Wednesday, August 31, 2011

EHR Incentives Likely to Improve Quality

Federal Investment in Electronic Health Records Likely to Reap Returns in Quality of Care

Healthcare is one of the last industries in the United States to universally incorporate technological advancements. While most sectors have made significant investments in information technology to improve efficiency and consumer relationships, America’s health care system is still largely paper-driven. As a result the healthcare system is plagued by inefficiency and poor quality. Delivery is slower, more prone to errors, and harder to measure and coordinate than it should be. Investments in health information technology can help improve this situation. Research published in the New England Journal of Medicine (FREE FULL TEXT) gives cause for optimism that efforts to increase adoption of electronic health records (EHRs) will provide major benefits in better patient care and health outcomes. Perhaps we can finally move away from using a dead tree medical recod system in this country.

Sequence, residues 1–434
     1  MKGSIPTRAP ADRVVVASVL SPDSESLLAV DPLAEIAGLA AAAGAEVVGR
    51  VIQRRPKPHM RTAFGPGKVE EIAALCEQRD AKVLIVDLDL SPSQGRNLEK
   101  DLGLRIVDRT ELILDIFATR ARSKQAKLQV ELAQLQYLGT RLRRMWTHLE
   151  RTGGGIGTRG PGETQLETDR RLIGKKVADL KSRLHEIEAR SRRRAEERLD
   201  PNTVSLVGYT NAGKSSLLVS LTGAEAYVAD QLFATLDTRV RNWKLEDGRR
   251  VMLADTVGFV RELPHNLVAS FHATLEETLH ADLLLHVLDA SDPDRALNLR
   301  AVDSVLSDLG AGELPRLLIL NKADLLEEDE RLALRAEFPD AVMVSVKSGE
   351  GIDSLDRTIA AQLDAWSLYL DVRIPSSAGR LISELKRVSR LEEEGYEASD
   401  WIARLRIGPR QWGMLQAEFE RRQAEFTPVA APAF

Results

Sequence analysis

To start with take a look at this video from a 1961 study that concluded that one day it is going to be possible to relieve the nurses and doctors of some of their paperwork, it is going to be possible to have correlation of diseases which we have not had before, and it is going to be possible to eliminate errors in medications and tests which would have been harmful to the patient:

“We were not surprised by these results,” said Randall D. Cebul, M.D., a professor of medicine at Case Western Reserve University and the study’s lead author who I was able to speak with earlier today. “They were influenced by several factors, including our public reporting on agreed-upon standards of care and the willingness of our clinical partners to share their EHR-based best practices while simultaneously competing on their execution.”